Bankers question Asean passport demand

Some distributors in Southeast Asia are unsure what the recently launched Asean fund passport will offer them in the near term that they do not already have.
Bankers question Asean passport demand

The Asean Collective Investment Scheme (CIS) may have become the first of Asia’s fund passports to go live, but bankers have expressed skepticism over the level of potential interest for products launched under the scheme*.

Retail banks across Malaysia, Singapore and Thailand – the initial three CIS signatories – all express similar doubts over near-term demand. They believe preference for domestic product, combined with tepid appetite for new launches and little differentiation from existing product ranges, will prove hurdles to success.

“In recent years we have seen significant interest from investors to diversify overseas, which is being satisfied through FIFs [foreign investment funds],” noted Vira-anong Phutrakul, managing director of retail banking at Citibank in Thailand.

She sees single-country funds and Asean equities and fixed income as product gaps. “But will these be overwhelmingly received? Probably not,” said Phutrakul.

Distributors in the three markets already have an array of vanilla funds investing in domestic and overseas equities and fixed income. They’re unsure what else this platform will offer that they do not already have.

“If it’s plain-vanilla funds [that dominate fund launches], that would put a dampener on the attractiveness of Asean passporting,” said Gary Yong, head of wealth management at AmBank Group in Malaysia. “I am hoping to see at least some enhanced features, such as adding an outperformance element, guaranteed upside or limited downside.”

He hopes, too, that the scheme will help to speed up the introduction of multi-asset-class structures and multi-currency offerings, providing flexibility for fund houses and more options for investors.

“Investors holding foreign currencies can now invest directly in a class of units denominated in that foreign currency as opposed to converting their investment sum into ringgit,” said Yong.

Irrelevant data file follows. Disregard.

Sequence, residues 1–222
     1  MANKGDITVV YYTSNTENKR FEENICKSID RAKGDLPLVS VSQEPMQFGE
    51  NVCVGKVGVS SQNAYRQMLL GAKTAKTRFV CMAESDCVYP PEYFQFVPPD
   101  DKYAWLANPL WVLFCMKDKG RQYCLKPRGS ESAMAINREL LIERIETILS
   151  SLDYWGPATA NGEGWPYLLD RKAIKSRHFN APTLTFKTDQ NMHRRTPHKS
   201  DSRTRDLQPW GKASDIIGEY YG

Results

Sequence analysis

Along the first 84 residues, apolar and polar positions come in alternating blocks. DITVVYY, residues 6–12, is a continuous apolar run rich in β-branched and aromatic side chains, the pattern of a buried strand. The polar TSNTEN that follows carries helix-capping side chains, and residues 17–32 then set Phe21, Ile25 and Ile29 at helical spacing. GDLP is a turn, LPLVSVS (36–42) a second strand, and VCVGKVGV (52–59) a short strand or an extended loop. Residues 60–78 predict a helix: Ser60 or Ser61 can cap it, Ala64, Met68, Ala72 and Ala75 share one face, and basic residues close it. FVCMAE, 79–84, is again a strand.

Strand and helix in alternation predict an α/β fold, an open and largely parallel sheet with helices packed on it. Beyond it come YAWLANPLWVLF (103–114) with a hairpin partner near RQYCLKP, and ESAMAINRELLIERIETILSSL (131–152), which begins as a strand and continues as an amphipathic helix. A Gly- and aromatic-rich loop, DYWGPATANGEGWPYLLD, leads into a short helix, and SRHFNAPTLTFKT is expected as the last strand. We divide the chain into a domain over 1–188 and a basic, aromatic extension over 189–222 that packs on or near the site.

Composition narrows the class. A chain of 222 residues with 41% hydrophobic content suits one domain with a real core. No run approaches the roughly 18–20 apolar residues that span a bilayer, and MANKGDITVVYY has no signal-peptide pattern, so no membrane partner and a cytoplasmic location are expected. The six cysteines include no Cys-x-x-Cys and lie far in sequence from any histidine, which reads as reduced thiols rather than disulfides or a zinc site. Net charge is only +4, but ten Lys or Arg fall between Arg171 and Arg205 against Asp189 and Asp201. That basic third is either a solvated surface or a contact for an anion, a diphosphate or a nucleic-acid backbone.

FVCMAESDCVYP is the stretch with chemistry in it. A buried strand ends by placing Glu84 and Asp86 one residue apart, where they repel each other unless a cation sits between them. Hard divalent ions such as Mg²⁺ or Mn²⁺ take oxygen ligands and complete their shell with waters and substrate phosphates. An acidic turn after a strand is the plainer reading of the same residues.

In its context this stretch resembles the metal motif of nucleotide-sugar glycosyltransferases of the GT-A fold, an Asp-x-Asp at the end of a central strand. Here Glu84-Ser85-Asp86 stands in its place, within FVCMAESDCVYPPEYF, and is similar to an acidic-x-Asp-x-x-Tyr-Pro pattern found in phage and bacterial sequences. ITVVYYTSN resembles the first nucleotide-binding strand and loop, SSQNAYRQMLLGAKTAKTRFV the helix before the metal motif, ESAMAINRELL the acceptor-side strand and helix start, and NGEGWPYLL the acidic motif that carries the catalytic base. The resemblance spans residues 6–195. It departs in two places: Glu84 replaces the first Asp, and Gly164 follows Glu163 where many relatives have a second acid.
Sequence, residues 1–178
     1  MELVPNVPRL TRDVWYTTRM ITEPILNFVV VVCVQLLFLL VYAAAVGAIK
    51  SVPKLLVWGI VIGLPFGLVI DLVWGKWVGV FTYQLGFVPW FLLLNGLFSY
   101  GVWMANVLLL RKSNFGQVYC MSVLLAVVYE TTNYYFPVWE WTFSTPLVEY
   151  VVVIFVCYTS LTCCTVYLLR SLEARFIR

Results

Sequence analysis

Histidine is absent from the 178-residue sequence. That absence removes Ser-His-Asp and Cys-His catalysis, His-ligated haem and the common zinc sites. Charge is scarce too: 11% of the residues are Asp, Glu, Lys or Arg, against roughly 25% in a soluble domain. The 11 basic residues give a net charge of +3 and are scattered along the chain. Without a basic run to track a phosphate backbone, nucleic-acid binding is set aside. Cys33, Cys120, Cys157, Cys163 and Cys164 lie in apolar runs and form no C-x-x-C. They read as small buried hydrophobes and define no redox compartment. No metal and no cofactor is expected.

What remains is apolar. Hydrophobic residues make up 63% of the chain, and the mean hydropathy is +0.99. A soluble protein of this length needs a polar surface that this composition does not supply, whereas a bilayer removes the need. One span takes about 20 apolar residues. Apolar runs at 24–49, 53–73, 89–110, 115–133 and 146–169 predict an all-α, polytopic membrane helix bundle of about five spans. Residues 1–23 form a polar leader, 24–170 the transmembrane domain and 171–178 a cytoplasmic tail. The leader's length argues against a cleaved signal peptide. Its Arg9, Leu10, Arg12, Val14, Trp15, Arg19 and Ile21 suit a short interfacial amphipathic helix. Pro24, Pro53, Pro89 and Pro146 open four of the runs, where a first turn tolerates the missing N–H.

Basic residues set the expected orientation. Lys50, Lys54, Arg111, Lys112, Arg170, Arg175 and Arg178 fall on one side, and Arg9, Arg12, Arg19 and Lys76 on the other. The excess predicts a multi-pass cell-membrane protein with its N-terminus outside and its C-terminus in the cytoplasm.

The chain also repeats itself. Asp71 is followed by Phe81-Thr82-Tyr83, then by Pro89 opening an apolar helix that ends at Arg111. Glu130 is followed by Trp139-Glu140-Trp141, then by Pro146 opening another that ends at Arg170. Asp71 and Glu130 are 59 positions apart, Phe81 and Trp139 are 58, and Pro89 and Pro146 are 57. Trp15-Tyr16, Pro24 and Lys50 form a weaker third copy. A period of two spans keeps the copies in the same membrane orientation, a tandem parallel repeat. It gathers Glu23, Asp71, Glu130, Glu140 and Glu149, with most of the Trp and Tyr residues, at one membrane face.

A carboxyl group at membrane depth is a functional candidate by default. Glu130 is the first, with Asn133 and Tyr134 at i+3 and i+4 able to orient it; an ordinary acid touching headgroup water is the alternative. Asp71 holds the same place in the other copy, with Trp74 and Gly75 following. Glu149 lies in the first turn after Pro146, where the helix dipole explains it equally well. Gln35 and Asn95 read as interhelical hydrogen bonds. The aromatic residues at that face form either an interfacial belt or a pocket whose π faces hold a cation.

Meanwhile, in Singapore, Kelvin Tan, head of investment funds at DBS Private Bank, sees little appetite for products from Malaysian and Thai
fund houses.

Singapore’s fund diversity leads him to believe that product flow will be in the other direction, that demand for Asean product will come from providing direct access to funds domiciled in Singapore that are currently not available in Malaysia and Thailand.

Others agree that Singapore is likely to benefit most from the Asean CIS.

Stewart Aldcroft, chief executive of CitiTrust in Hong Kong, said: “I see a significant benefit to Singapore-based asset managers because of the degree of respect for their international experience.”

But he struggled to see the benefits for Malaysian and Thai managers. “Would [Singapore-based] investors want to be investing into Malaysian or Thai managed funds? Would these provide a better return than Fidelity or Blackrock funds investing in those countries? I doubt it.”

However, one area seen as having future potential was renminbi-denominated qualified foreign institutional investor (RQFII) funds. These could be imported from Singapore, which was granted a $50 billion RQFII quota by Beijing in October last year.

“We already have global, Asean and single-country funds available,” said Yong of AmBank. “What we don’t have are niche products, like RQFII funds from Singapore or hedge funds for our more affluent clients.”

He understands these funds won’t be available initially, but expects them to be after a year or so. He also lists pre-IPO funds within the private equity arena as a niche worth exploring.

* See the forthcoming (November) issues of AsianInvestor for a full feature on this topic.


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